Most of all, please teach our people that your version of faith does not condemn gay, lesbian, bisexual, and transgender children from their homes or keep them from worshiping their God.
God’s love does not pick and choose
I would like you to teach your people that the Catholic God’s love and acceptance does not pick and choose. I’d like you to emphasize to your priests the honor of a life spent down with the lowest rung of the ladder – the poor, powerless, and the hungry – and of spending time with them like Jesus would have done if he were around.
‘I hope you’ll teach the Catholic leaders of the Philippines that faith is personal, it is salvation for those who need it. It does not judge, and it does not hate.’
You said it yourself that gays must be integrated into society. I’ve lived enough and am secure enough with my life to know that my spirituality will be fine whether or not you accept me. However, there are many others like me who need for you to tell the majority of Catholics that God loves and accepts every single one of us, so they may start accepting my LGBT brothers and sisters as well.
There are far too many young people being rejected by their own parents who cite Jesus Christ as the reason.
Unfortunately, the hateful comments below will prove the wrath of the Filipino Catholics you are visiting. They will be the first to tell me that I am excluded from God’s love. They will quote bible verses and say tired things about how “It’s Adam and Eve…” and so on. They will mention my genitals and my sexual practices, and exclude me from Catholicism because of activities they themselves do. These people are among the population you are visiting. They will claim that they are favored by you.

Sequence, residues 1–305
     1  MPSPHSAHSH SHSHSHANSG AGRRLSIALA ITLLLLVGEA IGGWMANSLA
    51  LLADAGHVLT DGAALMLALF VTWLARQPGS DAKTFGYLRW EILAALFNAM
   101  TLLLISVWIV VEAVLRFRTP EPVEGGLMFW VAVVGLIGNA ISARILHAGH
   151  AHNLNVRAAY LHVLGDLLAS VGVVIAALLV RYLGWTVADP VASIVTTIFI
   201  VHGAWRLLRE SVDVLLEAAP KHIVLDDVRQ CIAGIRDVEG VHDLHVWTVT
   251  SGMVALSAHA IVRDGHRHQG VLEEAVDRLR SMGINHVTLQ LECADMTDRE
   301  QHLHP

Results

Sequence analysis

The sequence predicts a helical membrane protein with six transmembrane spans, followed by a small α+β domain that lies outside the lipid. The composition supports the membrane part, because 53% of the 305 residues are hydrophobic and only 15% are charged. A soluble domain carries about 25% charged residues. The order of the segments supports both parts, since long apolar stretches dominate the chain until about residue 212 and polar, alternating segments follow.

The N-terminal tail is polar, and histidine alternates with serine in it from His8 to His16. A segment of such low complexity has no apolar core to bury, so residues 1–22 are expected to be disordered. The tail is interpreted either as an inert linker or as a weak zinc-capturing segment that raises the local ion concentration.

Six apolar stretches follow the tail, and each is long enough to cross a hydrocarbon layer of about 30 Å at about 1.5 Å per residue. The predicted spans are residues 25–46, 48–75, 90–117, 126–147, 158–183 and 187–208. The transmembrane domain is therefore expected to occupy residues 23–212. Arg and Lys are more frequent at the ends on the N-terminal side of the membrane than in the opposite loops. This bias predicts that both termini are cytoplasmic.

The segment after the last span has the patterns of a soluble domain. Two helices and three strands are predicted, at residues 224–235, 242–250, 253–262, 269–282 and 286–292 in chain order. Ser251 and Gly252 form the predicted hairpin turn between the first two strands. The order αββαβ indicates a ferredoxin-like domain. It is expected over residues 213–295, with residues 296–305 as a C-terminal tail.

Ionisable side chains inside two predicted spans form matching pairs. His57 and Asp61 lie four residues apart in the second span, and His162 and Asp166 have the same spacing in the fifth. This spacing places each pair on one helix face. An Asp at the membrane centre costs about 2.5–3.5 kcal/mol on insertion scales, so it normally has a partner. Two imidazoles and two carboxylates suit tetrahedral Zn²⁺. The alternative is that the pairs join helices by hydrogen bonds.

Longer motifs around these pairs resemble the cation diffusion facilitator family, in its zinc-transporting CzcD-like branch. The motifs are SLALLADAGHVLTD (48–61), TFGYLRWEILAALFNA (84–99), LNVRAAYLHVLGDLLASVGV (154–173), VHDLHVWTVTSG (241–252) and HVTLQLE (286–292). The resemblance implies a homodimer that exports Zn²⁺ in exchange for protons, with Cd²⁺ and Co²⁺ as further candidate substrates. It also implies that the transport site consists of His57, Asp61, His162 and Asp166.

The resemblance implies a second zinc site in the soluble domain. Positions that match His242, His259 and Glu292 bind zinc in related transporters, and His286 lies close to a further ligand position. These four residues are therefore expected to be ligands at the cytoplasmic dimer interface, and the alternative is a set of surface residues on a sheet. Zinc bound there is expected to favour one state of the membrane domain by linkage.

I hope you will prove them wrong by saying that God loves us all, and it’s not who we love but the sincerity and tenderness with which we do. I know you believe it, and even if you don’t say it, I’ll trust that you are not like the Christians who believe that hating others is really what their God wants them to do.
Thank you. – Rappler.com